Our project was a collection of DIY sculptures made from recycled materials, hand-painted murals by previously unknown artists, independent music created by producers in their living room, and lighting that was designed by folks who were just barely learning the field.

As the CEO at the time, I was floored by the results we were seeing. Somehow Meow Wolf had unexpectedly exposed a long-ignored truth about humanity: People inherently crave creativity. As the traditional art world segmented and isolated itself over many generations by focusing on wealth and status, society began to assume that art was not something that the masses were very interested in. Instead we just assumed that art was only for the elite. Meow Wolf shifted this understanding in a radical way.

Not only did the general population crave artistic experiences, they were willing to pay decent admission prices. As I watched the numbers starting to roll into the business, I couldn’t help but to compare Meow Wolf to an industry that I am a huge fan of – amusement parks.

Audiences were flocking to our tiny, 30,000sq ft exhibit in Santa Fe to pay amusement park ticket prices for an experience that they only spent two hours at. And in order to get visitors to return for multiple visits, all we had to do was invest modestly in new art compared to building multi-million dollar rides every few years. Not only was our model disruptive to the traditional world of art, we threw into question so many assumptions around attractions in general.

I’m a huge fan of amusement parks and theme parks. I’ve been a card-carrying coaster enthusiast since I was 15 years old. So I immediately started imagining how the attractions industry could learn from Meow Wolf’s success. I landed on one simple question: What if the amusement park industry invested heavily in art?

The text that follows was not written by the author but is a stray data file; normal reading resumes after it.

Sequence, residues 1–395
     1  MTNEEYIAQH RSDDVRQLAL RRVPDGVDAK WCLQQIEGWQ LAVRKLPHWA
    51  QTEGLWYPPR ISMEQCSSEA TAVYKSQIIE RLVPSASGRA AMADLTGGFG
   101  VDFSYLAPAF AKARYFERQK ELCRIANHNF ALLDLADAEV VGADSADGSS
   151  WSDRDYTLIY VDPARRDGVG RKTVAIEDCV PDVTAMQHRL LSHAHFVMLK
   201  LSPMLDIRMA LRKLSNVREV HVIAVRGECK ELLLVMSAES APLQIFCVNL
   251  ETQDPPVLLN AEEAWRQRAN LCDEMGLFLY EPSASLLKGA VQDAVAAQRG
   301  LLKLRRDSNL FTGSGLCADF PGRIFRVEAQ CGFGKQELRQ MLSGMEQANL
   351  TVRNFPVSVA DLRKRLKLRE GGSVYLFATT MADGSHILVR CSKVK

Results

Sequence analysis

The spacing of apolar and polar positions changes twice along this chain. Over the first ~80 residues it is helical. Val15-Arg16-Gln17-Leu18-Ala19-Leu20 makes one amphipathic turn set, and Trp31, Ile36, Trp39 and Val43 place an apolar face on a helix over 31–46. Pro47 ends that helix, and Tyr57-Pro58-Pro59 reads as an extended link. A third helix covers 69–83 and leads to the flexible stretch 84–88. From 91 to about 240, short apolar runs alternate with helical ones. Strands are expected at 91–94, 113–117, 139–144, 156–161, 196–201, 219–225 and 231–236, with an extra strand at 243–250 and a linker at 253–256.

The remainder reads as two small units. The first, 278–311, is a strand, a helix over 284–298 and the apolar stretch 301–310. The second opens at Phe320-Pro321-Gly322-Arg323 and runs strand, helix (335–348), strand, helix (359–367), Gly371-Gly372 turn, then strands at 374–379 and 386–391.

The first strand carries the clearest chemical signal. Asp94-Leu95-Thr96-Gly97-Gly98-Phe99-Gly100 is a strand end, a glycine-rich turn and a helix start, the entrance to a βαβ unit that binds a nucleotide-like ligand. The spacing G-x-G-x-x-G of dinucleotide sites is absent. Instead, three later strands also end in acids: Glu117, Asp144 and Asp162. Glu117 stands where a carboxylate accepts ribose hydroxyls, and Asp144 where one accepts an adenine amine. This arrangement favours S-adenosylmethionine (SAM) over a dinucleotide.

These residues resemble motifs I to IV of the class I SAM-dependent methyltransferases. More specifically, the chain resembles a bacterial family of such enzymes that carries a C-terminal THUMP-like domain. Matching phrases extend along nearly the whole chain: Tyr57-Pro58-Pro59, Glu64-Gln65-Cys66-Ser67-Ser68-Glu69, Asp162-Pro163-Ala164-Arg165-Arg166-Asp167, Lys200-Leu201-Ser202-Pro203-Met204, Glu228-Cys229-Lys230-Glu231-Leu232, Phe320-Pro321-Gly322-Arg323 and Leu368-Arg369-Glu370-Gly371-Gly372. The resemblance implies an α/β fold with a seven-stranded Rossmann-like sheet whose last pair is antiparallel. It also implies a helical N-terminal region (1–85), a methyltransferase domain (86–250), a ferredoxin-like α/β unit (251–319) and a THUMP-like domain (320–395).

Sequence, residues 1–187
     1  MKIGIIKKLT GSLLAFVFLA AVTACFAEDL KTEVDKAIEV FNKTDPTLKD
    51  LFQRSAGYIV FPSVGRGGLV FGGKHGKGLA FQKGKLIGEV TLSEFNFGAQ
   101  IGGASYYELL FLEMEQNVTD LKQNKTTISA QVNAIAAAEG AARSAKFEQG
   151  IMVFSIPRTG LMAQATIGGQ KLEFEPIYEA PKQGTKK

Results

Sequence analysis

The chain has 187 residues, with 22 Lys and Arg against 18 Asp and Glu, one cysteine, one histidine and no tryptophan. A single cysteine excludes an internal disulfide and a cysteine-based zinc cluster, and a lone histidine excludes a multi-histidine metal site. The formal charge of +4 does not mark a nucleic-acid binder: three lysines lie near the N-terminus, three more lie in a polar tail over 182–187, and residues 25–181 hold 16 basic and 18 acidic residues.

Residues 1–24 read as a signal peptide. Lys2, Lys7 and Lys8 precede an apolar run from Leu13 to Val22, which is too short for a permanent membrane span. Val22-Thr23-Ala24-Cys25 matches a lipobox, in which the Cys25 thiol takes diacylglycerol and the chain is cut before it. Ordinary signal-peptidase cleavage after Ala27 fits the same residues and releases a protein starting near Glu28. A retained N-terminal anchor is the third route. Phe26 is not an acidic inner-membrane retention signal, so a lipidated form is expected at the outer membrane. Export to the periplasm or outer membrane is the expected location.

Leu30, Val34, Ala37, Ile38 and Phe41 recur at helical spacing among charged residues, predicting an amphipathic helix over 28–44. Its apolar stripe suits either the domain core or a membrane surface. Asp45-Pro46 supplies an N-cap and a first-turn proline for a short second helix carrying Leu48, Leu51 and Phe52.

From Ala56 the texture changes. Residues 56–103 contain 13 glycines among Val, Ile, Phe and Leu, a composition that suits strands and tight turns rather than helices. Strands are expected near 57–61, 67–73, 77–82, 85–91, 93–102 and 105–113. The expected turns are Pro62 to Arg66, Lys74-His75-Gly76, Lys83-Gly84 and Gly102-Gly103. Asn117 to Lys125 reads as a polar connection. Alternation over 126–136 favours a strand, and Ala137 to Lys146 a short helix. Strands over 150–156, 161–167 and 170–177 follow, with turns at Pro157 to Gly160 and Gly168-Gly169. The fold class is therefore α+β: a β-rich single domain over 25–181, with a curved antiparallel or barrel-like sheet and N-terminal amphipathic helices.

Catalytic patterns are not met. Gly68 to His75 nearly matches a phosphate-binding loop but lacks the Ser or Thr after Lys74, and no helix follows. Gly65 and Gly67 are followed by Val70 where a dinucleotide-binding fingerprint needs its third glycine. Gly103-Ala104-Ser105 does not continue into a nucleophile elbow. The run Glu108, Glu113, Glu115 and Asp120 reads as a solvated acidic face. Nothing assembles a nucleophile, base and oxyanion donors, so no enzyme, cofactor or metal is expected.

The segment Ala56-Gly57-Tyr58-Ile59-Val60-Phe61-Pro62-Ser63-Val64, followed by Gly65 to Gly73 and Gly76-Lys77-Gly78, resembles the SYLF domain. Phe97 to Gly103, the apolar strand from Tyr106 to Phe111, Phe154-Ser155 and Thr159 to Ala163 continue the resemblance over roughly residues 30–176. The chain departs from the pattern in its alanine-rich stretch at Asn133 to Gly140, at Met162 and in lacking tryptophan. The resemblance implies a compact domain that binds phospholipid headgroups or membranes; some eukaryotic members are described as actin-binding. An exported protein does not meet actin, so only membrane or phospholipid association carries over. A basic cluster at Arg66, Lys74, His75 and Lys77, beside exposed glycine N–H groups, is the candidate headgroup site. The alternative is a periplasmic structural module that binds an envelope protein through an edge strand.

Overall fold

This question solves so many issues simultaneously. For one, Meow Wolf proves that audiences really just want to experience the magic of the imagination when they visit attractions rather than the adrenaline and sugar rush that amusement parks have been so heavily focused on.

Amusement parks also have so much empty space; blank walls, pathways, giant monochrome structures, and empty gathering spaces that are perfect blank canvases for amazing creative work. Imagine just how many social media posts would come out of a guest’s visit if they had a bunch of cool art to look at. Plus, investing heavily in art could build a genuine relationship with local communities, activating a population of artists who would love to have their art showcased to park-goers.

This idea is not unlike the paradigm shift we’ve been seeing with food offerings at parks. Many parks across the US have began successfully implementing local food vendors, food trucks, and stands that deliver higher quality options, bring their park into the 21st century, and connect with local communities.

The most intriguing upside to this possibility would be the amount of opportunity that could be provided to artists around the world. Consider how much a park invests in giant coasters and rides every year. Now imagine if even just a fraction of that budget went to emerging artists instead. The uplifting of the creative class could be transformative, and something that the amusement park industry could proudly stand behind.

In 2019, Elitch Gardens in Denver collaborated with Meow Wolf to open the world’s first ‘art ride’, a dark ride refurbishment called Kaleidoscape that became their top attraction upon opening.

I’d love to see the day when going to an amusement park was actually a diversified cultural experience, home to some of the coolest pieces of art imaginable. When we think about how the industry could evolve to keep up with the interests of the consumer, art is a solution that’s not only magical but also provides incredible social impact and community engagement.

The evolution of the amusement park won’t be found through technology or continuing an arms race of building bigger machines, it will be through listening to the audience’s desire to be immersed in worlds of imagination. Those worlds are made possible by artists.

Value the artist, empower and invest in the artist. It will be the best investment you could possibly make.


Originally published in Attractions Management Issue 1 Volume 27